Wednesday, March 3, 1999:In an airworthiness directive to go into effect March 18, FAA ordered operators of certain Boeing 737-100, -200, -300, -400 and -500 aircraft to inspect and correct any chafing of float switch wiring found in the center fuel tank. The float switch, powered by direct current, automatically closed the fueling valve to prevent the fuel tank from being overfilled. Chafed wiring associated with this device, however, could have provided an ignition source inside the tank. The agency required that each aircraft’s float switch be removed or deactivated and inspected for evidence of chafing – such as electrical arcing or worn insulation – either within 30 days of the AD effective date, or before the aircraft could accumulate 30,000 total flight hours. Under the terms of the AD, operators might install protective Teflon sleeving and wiring, allowing reuse of the float switch, or they might install a new float switch with the necessary Teflon sleeved wiring. Alternatively, operators might deactivate the float switch and paint a “caution” sign adjacent to the aircraft-fueling panel to indicate a mandatory reduction of the maximum fuel capacity with associated modified fueling procedures to minimize the possibility of fuel spills. (See December 3, 1998, October 28, 1999.)
Monday, March 8, 1999:FAA released the National Airspace System plan, version 4.0. The update extended the agency’s modernization strategy through 2015.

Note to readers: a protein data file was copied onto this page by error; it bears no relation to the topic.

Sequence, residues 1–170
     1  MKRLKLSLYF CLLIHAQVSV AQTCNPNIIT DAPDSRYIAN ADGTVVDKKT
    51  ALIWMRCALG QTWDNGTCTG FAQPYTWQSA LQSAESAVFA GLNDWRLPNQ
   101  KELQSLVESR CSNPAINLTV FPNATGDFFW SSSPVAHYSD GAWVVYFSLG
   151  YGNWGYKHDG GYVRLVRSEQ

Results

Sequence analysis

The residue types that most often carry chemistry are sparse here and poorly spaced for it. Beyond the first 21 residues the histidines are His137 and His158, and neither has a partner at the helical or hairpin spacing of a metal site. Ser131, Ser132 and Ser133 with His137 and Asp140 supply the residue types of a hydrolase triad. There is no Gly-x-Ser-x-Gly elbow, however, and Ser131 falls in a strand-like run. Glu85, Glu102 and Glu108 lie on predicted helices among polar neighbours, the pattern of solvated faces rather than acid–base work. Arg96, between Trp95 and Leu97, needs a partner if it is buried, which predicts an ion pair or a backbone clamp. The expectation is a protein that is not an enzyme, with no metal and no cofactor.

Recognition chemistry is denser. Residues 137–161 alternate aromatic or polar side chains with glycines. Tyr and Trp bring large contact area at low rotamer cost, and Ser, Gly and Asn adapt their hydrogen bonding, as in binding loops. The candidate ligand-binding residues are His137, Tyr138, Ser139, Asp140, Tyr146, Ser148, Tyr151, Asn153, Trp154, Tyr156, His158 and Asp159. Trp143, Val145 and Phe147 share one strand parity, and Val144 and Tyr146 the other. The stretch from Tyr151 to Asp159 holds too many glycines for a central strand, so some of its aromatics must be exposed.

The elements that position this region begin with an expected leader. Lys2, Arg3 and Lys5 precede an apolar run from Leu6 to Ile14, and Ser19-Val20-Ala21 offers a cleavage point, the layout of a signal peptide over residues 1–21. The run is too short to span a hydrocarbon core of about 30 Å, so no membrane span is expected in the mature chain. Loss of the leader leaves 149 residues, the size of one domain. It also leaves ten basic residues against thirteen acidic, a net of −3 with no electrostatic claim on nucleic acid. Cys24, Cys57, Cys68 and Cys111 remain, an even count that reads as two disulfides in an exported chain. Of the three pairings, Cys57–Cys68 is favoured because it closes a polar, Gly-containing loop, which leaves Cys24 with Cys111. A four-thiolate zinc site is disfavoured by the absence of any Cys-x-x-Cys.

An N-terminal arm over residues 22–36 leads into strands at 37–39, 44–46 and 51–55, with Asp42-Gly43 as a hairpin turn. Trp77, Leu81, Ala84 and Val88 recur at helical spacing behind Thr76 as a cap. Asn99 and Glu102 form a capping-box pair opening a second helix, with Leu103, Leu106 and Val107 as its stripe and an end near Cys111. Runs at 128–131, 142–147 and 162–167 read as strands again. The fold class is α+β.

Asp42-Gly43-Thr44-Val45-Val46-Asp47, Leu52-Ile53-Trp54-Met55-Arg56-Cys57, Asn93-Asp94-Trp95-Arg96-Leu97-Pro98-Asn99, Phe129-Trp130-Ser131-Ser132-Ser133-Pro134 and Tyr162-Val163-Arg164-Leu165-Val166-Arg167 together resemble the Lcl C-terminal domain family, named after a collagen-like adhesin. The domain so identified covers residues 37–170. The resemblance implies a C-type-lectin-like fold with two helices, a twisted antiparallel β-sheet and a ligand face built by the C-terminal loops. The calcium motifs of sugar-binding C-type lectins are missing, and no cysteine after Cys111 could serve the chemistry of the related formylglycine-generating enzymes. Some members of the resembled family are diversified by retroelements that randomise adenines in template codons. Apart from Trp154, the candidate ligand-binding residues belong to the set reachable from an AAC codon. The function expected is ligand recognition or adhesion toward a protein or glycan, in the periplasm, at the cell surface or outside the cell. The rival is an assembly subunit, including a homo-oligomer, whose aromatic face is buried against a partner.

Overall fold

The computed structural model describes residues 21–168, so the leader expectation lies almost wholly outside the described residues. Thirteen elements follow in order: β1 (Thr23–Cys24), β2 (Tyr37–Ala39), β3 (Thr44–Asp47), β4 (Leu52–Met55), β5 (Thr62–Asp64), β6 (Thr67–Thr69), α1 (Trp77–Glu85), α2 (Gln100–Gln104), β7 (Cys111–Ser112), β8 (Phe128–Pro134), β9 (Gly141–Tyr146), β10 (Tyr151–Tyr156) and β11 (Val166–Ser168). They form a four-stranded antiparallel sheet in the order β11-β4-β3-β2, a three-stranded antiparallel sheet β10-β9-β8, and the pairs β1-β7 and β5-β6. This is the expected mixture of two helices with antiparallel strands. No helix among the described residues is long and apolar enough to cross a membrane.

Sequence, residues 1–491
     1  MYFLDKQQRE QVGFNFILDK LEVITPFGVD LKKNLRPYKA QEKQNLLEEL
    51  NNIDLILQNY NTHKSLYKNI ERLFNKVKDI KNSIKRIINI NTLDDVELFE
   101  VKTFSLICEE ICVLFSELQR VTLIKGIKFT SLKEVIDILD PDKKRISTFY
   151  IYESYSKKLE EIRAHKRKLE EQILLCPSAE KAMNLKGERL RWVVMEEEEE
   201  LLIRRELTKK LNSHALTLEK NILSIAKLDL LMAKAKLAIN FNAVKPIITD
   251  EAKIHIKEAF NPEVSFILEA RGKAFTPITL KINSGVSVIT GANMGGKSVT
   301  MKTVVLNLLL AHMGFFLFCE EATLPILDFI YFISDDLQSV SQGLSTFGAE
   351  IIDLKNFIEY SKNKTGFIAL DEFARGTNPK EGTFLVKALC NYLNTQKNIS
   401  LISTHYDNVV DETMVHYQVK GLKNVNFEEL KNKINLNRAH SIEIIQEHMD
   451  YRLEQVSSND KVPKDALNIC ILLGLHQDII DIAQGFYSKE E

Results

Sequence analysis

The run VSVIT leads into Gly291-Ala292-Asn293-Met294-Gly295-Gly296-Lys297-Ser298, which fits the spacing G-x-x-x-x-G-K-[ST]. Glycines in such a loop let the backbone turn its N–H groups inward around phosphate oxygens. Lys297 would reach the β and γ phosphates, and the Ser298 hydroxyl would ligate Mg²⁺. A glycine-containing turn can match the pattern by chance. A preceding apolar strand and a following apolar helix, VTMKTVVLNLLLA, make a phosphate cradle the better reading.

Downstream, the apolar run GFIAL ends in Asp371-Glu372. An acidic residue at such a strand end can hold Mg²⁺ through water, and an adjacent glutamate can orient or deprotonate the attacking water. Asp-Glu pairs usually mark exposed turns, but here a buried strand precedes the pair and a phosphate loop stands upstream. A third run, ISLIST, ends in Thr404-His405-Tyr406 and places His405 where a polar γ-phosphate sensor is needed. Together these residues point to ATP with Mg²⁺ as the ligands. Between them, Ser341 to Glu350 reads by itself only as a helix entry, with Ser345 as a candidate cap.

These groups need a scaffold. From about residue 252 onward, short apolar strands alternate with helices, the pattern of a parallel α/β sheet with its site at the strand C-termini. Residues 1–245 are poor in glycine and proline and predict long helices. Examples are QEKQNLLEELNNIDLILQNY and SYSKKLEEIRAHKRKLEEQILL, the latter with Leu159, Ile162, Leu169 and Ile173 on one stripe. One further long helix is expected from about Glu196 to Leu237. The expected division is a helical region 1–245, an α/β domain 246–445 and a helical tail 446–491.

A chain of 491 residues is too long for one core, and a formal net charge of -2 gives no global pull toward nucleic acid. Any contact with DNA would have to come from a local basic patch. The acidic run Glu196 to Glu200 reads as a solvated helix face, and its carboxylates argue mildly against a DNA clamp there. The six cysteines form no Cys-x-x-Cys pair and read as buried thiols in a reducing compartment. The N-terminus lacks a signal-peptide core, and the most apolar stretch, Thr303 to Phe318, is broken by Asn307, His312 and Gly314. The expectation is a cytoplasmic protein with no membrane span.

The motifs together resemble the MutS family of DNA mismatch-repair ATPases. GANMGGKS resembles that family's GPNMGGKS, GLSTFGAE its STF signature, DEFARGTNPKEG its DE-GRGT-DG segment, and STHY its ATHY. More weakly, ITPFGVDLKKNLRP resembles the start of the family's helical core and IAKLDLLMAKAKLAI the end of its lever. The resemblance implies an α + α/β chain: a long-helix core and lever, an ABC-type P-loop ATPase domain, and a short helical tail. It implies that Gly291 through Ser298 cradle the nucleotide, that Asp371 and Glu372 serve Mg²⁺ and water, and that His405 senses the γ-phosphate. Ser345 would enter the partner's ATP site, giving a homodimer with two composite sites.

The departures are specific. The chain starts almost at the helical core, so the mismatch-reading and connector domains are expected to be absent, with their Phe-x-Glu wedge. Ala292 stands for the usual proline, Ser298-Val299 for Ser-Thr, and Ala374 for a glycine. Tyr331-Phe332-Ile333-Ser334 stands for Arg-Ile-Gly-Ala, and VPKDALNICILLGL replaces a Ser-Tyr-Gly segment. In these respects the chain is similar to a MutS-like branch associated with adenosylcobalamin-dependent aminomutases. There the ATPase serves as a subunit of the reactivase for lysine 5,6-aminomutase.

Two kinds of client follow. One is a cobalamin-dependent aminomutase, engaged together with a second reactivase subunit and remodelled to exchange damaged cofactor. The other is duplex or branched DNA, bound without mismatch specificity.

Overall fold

Thursday, March 11, 1999:Department of Transportation Secretary Rodney Slater and FAA Administrator Jane Garvey dedicated the newest FAA air traffic control computer system in a ceremony at the New York Air Route Traffic Control Center. They dedicated the Host and Oceanic Computer System Replacement, known as HOCSR, a key component of the NAS infrastructure modernization program and FAA’s Year 2000 (Y2K) compliance effort. The new system was more than four times faster and orders of magnitude more reliable than its predecessor – while occupying only an eighth of the floor space of the system it replaced. The New York Center’s HOCSR, the first in the nation, went online February 24. (See September 30, 1999).
Monday, March 15, 1999:FAA announced it had issued a launch license to a Boeing-led international consortium to conduct a first-of-its-kind demonstration space launch, targeted for March 2, from a sea-going platform in the mid-Pacific. The 40 percent Boeing-owned partnership would use a Ukrainian-built Zenit booster rocket and a Russian-built upper stage in the demonstration. The launch platform, a converted self-propelled oil drilling platform, would be accompanied to the launch site by an assembly and command ship designed and built by Kvaerner Maritime of Norway, another partner in the undertaking. (See September 24, 1998; April 21, 1999.)
Wednesday, March 31, 1999:FAA announced plans to purchase more than 150 additional security devices for the nation’s airports, continuing to implement a recommendation by the White House Commission on Aviation Safety and Security. The purchase of 21 FAA-certified explosives detection systems and 135 trace explosives detection devices added to the multi-year deployment of innovative security equipment. Purchases to date included 95 FAA-certified explosives detection systems, 20 automated dual-energy X-ray machines, two quadrapole resonance devices, and 462 trace explosives detection devices. The trace explosives detectors were being deployed primarily at airport security checkpoints for screening carry-on bags. The other machines were bulk explosives detectors used to examine checked baggage. (See November 23, 1998; April 15, 1999.)
Thursday, April 1, 1999:President Clinton signed Public Law 106-6, Interim Federal Aviation Administration Authorization Act.